What is the Airline Transport Pilot Licence?

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What is the Airline Transport Pilot Licence?
Also known as the ATPL or ATP. This is the highest licence one can earn as a civil airplane pilot.

How do I obtain a ATPL?
To earn a ATPL it is a stepping stone process:
Step 1: Student Pilot Permit: Allows you to fly solo under the supervision of a flight instructor in Canada.
Step 2: Private Pilot Licence: Allows you to fly any where in the world, but not for hire or reward.
Step 3: Commercial Licence: Allows you to fly any where in the world, for hire or reward on a single pilot airplane.
Step 4: Multi and Instrument Rating: Allows you to fly a airplane with more then one engine, in instrument flying conditions.
Step 5: Airline Transport Licence: Allows you to be the captain or pilot in command of a multi crew airplane.

What are the requirements for a  Airline Transport Licence?
From the Canadian Air Regulations (CARs) 421.34
An applicant shall be a minimum of twenty-one years of age and hold a Category 1 Medical Certificate.
An applicant shall have obtained a minimum of 70% in each of three written examinations on the following aviation subjects:

Airline Transport Pilot Licence (Aeroplane) Meteorology, Radio Aids to Navigation and Flight Planning (SAMRA exam)
Airline Transport Pilot Licence (Aeroplane) Air Law, Aeroplane Operation and Navigation General (SARON) including:
Instrument Rating (INRAT).

An applicant shall have met the training requirements for the issue of a Commercial Pilot Licence which include the following:

Completed a minimum of 1500 hours total flight time of which a minimum of 900 hours shall have been completed in aeroplanes.
250 hours pilot-in-command flight time in aeroplanes
The pilot-in-command and/or pilot-in-command under supervision flight time shall include a minimum of 100 hours cross-country flight time of which a minimum of 25 hours shall have been by night;
100 hours night flight time as pilot-in-command or as co-pilot of which a minimum of 30 hours shall have been acquired in aeroplanes;
100 additional hours cross-country flight time as pilot-in-command or 200 hours as co-pilot or any combination
75 hours instrument flight time of which a maximum of 25 hours may have been acquired in approved instrument ground trainers and a maximum of 35 hours may have been acquired in helicopters.

Within the 12 months preceding the date of application for the licence, an applicant shall demonstrate in a multi-engined aeroplane with no central thrust configuration and fitted with instruments and equipment suitable for IFR flight in controlled airspace, familiarity with and the ability:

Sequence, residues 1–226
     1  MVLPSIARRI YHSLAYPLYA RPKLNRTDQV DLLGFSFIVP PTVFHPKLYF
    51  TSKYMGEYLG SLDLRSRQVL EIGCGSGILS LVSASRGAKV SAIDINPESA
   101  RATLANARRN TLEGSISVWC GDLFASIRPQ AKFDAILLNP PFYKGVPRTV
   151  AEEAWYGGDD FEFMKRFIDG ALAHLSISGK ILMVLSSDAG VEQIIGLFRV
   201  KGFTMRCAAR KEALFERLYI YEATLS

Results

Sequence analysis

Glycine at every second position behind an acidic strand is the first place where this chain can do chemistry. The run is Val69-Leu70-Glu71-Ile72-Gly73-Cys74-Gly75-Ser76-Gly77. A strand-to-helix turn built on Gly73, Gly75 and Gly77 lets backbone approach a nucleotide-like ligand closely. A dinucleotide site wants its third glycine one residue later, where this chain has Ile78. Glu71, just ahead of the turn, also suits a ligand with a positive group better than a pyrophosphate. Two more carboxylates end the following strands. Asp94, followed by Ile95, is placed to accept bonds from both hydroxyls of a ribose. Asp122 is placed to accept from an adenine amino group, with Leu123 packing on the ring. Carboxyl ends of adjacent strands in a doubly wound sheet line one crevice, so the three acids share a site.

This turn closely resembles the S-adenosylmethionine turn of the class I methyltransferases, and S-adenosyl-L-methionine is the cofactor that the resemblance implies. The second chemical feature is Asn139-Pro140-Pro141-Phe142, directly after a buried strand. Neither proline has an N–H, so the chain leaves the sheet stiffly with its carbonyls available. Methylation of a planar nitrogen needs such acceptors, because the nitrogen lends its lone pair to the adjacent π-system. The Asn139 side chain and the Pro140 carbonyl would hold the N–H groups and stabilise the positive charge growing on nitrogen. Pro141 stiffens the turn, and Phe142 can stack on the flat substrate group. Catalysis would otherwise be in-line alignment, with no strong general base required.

To perform both normal and emergency flight procedures and manoeuvres appropriate to the aeroplane in which the flight test is conducted; and
to execute all manoeuvres and procedures set forth in Division XIV for issue of a Group 1 instrument rating.
For issue of the Airline Transport Pilot Licence – Aeroplane, the Minister shall only endorse a Group 1 Instrument Rating (Instrument rating on multi engine airplane) on the licence.

How do I get these requirements?
Pilots are expected to work and gain experience flying in the industry. In theory one could purchase all of these hours and experience, but it would be very expensive and likely looked down on by the industry.

What type of work do new pilots do to gain experience toward the ATPL?
Typical examples.
Air Taxi
Glider towing
Banner towing
Flight Instructing
“Bush” Flying
First officer air taxi, or commuter operation. Usually 9-18 seat turboprop airplanes.
Powerline/Pipeline patrol.

What is a Frozen Airline Transport Licence.
“Frozen ATPL” is a term usually used in European countries. It is not an official term and not normally used in North America. The holder of a “Frozen ATPL” has a Commercial Pilots Licence with a Multi  Instrument Rating, and has passed the ATPL examinations. When they achieve the requirements (flying hours mostly) they will be able to obtain a “full or real” ATPL.

Does Canada have a Frozen ATPL?
Not really. Our closest version is the Integrated ATPL. This allows the pilot to complete the flying courses (PPL, CPL, IFR) as part of one larger course and complete the ATPL exams as part of the initial course. Then one has 5 years to get to 1500 hours to get a “real” ATPL. It is the one way to write the ATPL exams with less then 750 hours.

When can a pilot complete the ATPL exams?
Transport Canada requires a pilot to have at least 750 hours before writing the ATPL exams.

What is the IATRA exam?
Some pilots think of the IATRA exam as a ATPL lite.  The IATRA is not a rating or licence. It’s just a exam. It allows a pilot with 250 hours to fly as a first officer in a multi crew airplane. A pilot with more then 750 hours would normally write the ATPL exams, a pilot with less then 750 hours would write the IATRA exam. We have a course for the IATRA exam here

Is there a flight test for the ATPL?
In Canada there is no stand alone flight test for the ATPL. One has to complete a Multi Instrument flight test within the last 12 months for the ATPL to be granted.

Do you have a ATPL course?
Yes we have a course for the ATPL exams which are called SARON and SAMRA.

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